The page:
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Monday, October 31, 2005

Where's the mercy?

This morning at Mass, our priest drew from today's readings (Romans 11:29-36 and Luke 14:12-14) to tell a story of God's Mercy shown to him.

The first reading in Romans tells us that "God delivered all to disobedience, so that He might have mercy upon all." The second reading in Luke warns us not to invite the relatives and the wealthy to dinner, with the inevitable rewards of returned hospitality, but to invite the "poor, crippled, lame, blind: blessed indeed will you be because of their inability to repay..."

Father related that, when he was caring for his severely ill mother, she was incontinent and the house smelled strongly of urine. It embarassed his mother, and one day, when a friend called him and asked to visit and talk, embarassed him in advance. He prayed for humility in the situation, and, when the friend arrived, the friend said without prompting "Why, the house smells like you have roses all through it!" The celebrant told of his gratitude for God's Mercy.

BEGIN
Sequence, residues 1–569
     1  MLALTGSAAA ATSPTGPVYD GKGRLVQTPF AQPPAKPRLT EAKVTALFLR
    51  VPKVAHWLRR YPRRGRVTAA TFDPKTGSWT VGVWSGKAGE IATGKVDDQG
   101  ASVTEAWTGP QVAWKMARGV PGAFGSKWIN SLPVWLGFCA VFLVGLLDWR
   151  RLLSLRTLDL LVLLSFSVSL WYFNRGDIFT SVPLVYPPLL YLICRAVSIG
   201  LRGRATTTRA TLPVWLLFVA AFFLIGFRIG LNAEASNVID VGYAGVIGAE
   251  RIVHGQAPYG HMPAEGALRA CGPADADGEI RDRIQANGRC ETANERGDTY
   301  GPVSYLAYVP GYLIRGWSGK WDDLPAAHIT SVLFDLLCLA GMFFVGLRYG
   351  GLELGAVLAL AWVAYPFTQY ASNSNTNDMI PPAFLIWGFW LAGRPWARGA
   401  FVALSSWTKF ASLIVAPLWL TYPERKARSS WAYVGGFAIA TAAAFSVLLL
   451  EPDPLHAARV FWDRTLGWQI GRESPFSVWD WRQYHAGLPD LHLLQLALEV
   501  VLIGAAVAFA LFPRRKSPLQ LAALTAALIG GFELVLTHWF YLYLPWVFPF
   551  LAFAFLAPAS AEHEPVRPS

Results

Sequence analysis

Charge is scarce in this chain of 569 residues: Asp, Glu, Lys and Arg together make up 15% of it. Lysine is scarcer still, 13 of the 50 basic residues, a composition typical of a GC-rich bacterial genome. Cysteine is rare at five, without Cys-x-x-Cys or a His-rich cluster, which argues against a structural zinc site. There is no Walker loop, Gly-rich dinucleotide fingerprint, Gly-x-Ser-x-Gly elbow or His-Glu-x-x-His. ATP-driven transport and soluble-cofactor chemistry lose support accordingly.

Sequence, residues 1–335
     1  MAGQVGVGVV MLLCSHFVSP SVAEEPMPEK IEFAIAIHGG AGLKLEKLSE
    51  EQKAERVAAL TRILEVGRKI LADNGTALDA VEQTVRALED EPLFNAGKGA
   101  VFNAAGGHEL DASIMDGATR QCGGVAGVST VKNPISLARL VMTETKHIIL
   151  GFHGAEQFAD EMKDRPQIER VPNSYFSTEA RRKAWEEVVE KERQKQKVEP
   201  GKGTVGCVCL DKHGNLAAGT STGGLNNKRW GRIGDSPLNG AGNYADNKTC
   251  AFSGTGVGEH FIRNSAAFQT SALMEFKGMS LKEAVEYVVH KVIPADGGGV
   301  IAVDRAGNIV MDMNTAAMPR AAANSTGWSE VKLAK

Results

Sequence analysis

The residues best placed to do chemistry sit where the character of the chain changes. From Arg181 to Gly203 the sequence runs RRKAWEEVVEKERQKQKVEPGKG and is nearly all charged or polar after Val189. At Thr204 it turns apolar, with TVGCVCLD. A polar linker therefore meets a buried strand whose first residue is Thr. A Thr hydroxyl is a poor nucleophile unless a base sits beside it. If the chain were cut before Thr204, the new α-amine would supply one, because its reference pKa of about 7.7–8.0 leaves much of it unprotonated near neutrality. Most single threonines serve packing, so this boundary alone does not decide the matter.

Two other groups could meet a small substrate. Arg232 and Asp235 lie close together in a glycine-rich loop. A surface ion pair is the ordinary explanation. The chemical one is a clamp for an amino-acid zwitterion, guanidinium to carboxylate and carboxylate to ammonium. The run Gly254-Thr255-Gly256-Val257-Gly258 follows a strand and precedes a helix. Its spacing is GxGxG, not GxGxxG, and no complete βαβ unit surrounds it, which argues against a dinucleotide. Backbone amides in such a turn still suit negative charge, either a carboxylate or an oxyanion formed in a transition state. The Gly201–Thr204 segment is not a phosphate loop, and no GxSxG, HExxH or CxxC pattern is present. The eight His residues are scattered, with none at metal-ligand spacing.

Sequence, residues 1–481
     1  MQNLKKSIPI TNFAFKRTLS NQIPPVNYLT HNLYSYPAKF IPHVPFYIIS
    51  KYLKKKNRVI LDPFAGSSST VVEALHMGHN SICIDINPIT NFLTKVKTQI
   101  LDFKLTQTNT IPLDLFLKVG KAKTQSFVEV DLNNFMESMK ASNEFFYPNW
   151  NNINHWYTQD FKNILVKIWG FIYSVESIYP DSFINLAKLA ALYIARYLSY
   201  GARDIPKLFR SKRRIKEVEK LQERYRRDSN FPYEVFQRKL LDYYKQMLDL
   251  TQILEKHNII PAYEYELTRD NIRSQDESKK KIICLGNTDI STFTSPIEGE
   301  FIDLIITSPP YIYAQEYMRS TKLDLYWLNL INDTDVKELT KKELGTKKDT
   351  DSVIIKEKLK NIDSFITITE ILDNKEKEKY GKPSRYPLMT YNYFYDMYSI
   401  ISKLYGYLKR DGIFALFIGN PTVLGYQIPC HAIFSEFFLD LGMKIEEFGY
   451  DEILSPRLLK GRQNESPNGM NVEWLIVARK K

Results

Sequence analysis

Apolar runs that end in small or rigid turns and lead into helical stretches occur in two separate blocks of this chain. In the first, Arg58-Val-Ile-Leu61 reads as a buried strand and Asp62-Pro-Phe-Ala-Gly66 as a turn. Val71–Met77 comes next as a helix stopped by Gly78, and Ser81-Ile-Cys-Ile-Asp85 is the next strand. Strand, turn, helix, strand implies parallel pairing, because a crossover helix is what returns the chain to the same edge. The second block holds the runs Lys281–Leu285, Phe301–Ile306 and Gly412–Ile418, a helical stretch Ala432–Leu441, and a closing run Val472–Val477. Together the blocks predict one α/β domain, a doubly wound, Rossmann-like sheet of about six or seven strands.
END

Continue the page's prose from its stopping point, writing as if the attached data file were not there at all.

Now, where WAS God's Mercy in this? (1) Did God make the house actually smell of roses? Or (2) did the friend, arriving in the middle of the smell, pretend not to notice and in generosity (perhaps noticing a lone flower in a vase, even) said that the house smelled great? I didn't ask Father after Mass and I probably won't, it's not important.

What's important is that God's Mercy was truly there, whether the friend poured it forth or God did a pleasant small miracle.

The story reminded me that God's Mercy can flow through us in the serene indifference* to someone else's awkwardness, in sensitivity to their embarassment, but not by commiserating or pointing it out and forgiving it. We must avoid the reward of "Wasn't that NICE of Therese to...." and simply proceed as though we were deaf and blind in a world full of little bodily blurps in the elevator.

* I don't mean that in terms of "not caring," WHAT word do I mean? Detachment?

1 comments:

justin said...

how about replacing "indifference to" with "acceptance of"?

Ever since hearing that first reading this morning, I've been trying to come up with a response to the common critical evaluation of "God delivered all to disobediance, so that He might have mercy upon all" - the evaluation being - "so there we have it, God is on one big power trip. Sure, we supposedly have this thing called free will, but here we have proof that God really has placed sin in our nature, to force us to need Him. So is He really having a direct hand moral evil? Doesn't this passage suggest as such?"

 

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